The wonderful Kathryn Milan sent me these photos of a couple of my books on display at the Austin Central Library. Thanks, Kathryn! And thanks Austin Central Library!
Here I am reading the first Episode from Normal School. Chapters 1, 2, and 3. Listen and be amazed! Then go over to Normal School and read the whole thing!
Readings and Ridiculosities Five: Normal School Episode One
And then go to Amazon and buy some books....
Busy closing out the semester and working on classes and grading and Normal School and Burnt House and about a jillion other important crucial worthwhile projects...and my students drew pictures of American Eagles....
I've been making a few final corrections on Burnt House, which is [UPDATED] NOW OUT.
It's good--you're going to want to read it! To convince you to read it, here's one of the shorter chapters....
Baby Never Grew
Vesta Talbot was my grandfather’s older sister. I knew her when I was little—knew her, loved her, my favorite aunt, a nice old lady who always dressed in green, who made a skimpy living giving piano lessons at her big gloomy house in Weston, a lady who made me fudge, who read me stories and talked about books. Vesta wasn’t all sweet, of course—she was a real person. She could be bad. I remember them talking about how she killed her neighbor’s tree, a sycamore that dropped leaves in the yard of her gloomy house, and the leaves made her mad, so she went out one night and poured vinegar and salt water all around the roots of the tree and killed it. So I knew Vesta was ornery. But still—she made me fudge! She read me stories! She always talked to me when no one else would. She took me seriously.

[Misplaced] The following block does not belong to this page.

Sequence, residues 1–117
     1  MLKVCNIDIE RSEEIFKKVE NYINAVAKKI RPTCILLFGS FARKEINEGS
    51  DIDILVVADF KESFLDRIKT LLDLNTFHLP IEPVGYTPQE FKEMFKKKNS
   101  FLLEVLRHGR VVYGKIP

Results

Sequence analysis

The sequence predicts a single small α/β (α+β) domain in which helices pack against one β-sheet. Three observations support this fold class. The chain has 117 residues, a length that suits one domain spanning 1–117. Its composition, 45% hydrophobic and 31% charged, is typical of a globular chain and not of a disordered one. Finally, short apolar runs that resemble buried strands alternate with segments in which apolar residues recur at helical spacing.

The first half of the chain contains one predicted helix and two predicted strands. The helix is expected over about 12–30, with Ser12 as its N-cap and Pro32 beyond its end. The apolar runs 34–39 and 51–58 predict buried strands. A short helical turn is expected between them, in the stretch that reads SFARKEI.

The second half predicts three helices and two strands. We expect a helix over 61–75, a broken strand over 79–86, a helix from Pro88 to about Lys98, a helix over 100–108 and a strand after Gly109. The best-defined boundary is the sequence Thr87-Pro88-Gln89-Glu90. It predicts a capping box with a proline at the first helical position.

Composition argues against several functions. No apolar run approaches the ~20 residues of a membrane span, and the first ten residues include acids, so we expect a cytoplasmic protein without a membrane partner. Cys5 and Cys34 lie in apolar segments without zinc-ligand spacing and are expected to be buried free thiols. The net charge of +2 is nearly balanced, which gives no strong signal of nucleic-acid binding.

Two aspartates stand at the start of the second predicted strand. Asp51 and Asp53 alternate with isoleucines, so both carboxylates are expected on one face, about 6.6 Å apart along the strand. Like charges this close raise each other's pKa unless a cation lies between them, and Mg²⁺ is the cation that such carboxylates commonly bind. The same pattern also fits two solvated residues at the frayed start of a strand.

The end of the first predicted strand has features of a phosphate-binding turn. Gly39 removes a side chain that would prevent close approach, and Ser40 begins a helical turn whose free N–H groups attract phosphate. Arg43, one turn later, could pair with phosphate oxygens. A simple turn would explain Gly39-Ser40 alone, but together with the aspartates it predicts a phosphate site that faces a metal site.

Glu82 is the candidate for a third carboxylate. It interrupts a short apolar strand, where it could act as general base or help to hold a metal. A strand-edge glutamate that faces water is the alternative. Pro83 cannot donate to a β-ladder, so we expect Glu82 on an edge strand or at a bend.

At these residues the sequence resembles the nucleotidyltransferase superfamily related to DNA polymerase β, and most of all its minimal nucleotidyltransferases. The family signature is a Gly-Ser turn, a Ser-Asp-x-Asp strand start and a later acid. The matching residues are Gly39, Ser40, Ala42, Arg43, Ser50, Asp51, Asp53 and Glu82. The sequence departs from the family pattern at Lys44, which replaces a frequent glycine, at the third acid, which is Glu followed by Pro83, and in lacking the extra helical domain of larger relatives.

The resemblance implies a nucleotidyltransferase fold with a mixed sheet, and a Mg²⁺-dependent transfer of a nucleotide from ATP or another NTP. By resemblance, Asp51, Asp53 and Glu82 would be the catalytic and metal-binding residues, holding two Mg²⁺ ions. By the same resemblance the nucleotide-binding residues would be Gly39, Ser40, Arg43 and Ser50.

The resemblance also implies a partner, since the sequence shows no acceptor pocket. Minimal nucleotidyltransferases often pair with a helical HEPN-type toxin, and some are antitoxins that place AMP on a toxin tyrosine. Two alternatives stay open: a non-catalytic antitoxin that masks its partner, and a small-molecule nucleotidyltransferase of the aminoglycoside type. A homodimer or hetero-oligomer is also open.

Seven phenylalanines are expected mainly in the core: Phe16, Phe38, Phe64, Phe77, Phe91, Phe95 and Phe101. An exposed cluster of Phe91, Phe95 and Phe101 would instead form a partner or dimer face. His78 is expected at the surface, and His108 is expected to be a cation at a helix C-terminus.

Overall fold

When she died suddenly of a stroke I cried and cried. But even though I was just a kid—a sad kid, at my first funeral—I noticed through my tears that no one else was crying. Nobody else even seemed sad. Pap and Uncle Rence, her brothers, sat stony-faced and grim in their good black clothes, and my mom sat in the back with some ladies, talking and laughing about something. Irene, my mom’s sister, my aunt, didn’t even come in for the funeral. There were only six or seven people at the funeral home—only six or seven people, and she’d lived in Lewis County all her life, eighty years or more—and not one of those six or seven was crying except me, and I cried and I cried until Grammaw Talbot grabbed me by the arm and jerked me outside and sat me down hard in the car and told me to be quiet. To stop acting up! To stop embarrassing everyone! Then she went back inside and I sat blubbering in the hot car by myself.
Years later, one summer when I was in high school I was out with Pap Talbot on the porch and Pap was talking about growing up over on Rocky Fork. The people who lived there then were all dead now, I never knew them, they were nothing but names to me, but of course I always liked hearing him talk. I was in the swing reading Catch-22, which I didn’t like too much then. Didn’t dislike it enough to stop reading, but it wasn’t as funny as the blurbs on the cover said it was supposed to be. I didn’t get it. I kept on reading with mounting irritation I didn’t understand. Old Pap kept talking about dead people—Ramseys, Sleeths, Frosts. Hennens. Renners. Fishers. All just names. He was talking to himself more than he was talking to me. Remembering. Then he said something about Aunt Vesta. How Vesta sure thought she loved that Fisher boy. How then she went and poisoned his dog.